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Indian Pediatr 2015;52: 440

Aneurysm of Right Branch of Portal Vein in a Child

*KP Srikanth and BR Thapa

Division of Pediatric Gastroenterology, Department of Gastroenterology, PGIMER, Chandigarh, India.
Email: kpkantha@gmail.com


Portal vein aneurysm (PVA) is a rare congenital or acquired abnormality of the portal circulation which constitutes for about 3% of reported venous aneurysms in children and adults [1]. In majority of the cases, they are asymptomatic, and are detected incidentally on imaging of the abdomen. Only few cases of PVAs have been reported in children. We evaluated a 12-year-old girl for intermittent abdominal pain. She did not have history of abdominal trauma or major illness in past. Hemogram, liver function tests and renal functions, including urine microscopy were normal. As a part of routine investigation, she underwent ultrasonography of abdomen which showed an anechoic structure along the course of right branch of portal vein (Fig. 1a). On color doppler, the lesion showed color fill with venous waveform pattern on spectral analysis (Fig. 1b) suggestive of venous aneurysm which was confirmed by dual phase computed tomography (CT) study (Fig. 2). Upper gastroentestinal endoscopy, done to rule out portal hypertension, was normal. Child was managed conservatively, and pain subsided after two weeks without any intervention.

Fig. 1 (a) Transverse gray scale ultrasound image of liver showing anechoic lesion arising from right branch of portal vein (b) venous waveform on pattern spectral waveform analysis.


Fig. 2 Coronal reconstructed CT image of venous phase showing saccular aneurysm arising from right branch of portal vein.

PVA is a fusiform or saccular focal dilation of the portal venous system which was first described in an adult by Barzilai and Kleckner in 1956 [2]. The maximum dimension of the normal portal vein is upto 15 mm in normal individuals and 19 mm in case of cirrhosis. Thus the upper limit considered for labeling as portal vein aneurysm is taken above 20 mm as there is considerable variation in the size across different age groups [3,4]. Usually the dilatation of the portal veins occurs in the setting of hepatocellular disease and portal hypertension due to various etiologies. Congenital venous aneurysms occur without any predisposing conditions because of underlying weakness along the course of vein, and can be associated with anomalies of other organs. Color Doppler ultrasonography is considered to be the gold standard for the diagnosis of the venous system anomalies together with CT or Magnetic resonance angiography. The complications are spontaneous rupture into the bile ducts resulting in hemobilia, thrombosis, and obstruction leading to porto-systemic shunts [2]. Smaller and asymptomatic lesions are left without any intervention, and the larger ones need angiographic coiling or surgical aneurysmorrhapy. To summarize, congenital PVAs are rare, usually asymptomatic, and can be managed conservatively.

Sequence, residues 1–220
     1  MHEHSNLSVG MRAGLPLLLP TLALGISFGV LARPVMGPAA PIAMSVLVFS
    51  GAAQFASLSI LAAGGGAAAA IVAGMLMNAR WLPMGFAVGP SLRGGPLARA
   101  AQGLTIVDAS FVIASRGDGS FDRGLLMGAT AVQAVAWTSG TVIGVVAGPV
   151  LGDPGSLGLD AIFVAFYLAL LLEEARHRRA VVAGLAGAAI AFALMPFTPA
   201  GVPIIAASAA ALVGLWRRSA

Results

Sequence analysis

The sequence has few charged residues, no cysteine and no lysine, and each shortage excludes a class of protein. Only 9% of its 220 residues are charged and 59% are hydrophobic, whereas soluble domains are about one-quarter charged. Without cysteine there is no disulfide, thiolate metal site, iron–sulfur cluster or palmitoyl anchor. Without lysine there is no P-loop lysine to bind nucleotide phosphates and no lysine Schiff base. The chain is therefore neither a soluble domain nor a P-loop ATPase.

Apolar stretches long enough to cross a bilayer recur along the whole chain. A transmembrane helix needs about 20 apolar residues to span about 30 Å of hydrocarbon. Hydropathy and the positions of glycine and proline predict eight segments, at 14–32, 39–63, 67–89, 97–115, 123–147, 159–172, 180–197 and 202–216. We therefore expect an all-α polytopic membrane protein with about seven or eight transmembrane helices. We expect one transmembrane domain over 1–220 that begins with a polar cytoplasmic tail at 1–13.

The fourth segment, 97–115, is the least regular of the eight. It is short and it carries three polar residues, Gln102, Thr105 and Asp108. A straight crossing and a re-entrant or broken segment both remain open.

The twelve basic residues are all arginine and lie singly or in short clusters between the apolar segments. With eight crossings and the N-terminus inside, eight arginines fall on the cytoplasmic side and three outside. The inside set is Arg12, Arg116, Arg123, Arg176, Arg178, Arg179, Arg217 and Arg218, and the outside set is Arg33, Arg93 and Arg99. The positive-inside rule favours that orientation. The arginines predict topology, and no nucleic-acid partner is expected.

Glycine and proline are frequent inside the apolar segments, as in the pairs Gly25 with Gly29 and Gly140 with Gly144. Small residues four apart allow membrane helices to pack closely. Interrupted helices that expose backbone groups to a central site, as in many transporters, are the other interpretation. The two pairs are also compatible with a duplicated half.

Acknowledgments: Dr Akshay Saxena, Dr Sadhna B Lal, Dr Anmol Bhatia and Dr Babu Lal Meena for helping in management of this case.


1. Molinares B, Alvarez S, Garcia V, Sepúlveda ME, Yepes NL, Peláez S. Extrahepatic portal vein aneurysm after liver transplantation in a child: Case report. Pediatr Transplant. 2013;17:E33-6.

2. Barzilai R, Kleckner M. Hemocholecyst following ruptured aneurysm of portal vein; Report of a case. AMA Arch Surg. 1956;72:725-7.

3. Doust BD, Pearce JD. Gray-scale ultrasonic properties of the normal and inflamed pancreas. Radiology. 1976;120:653-7.

4. Lee HC, Yang YC, Shih SL, Chiang HJ. Aneurysmal dilatation of the portal vein. J Pediatr Gastroenterol Nutr. 1989;8:387-9.


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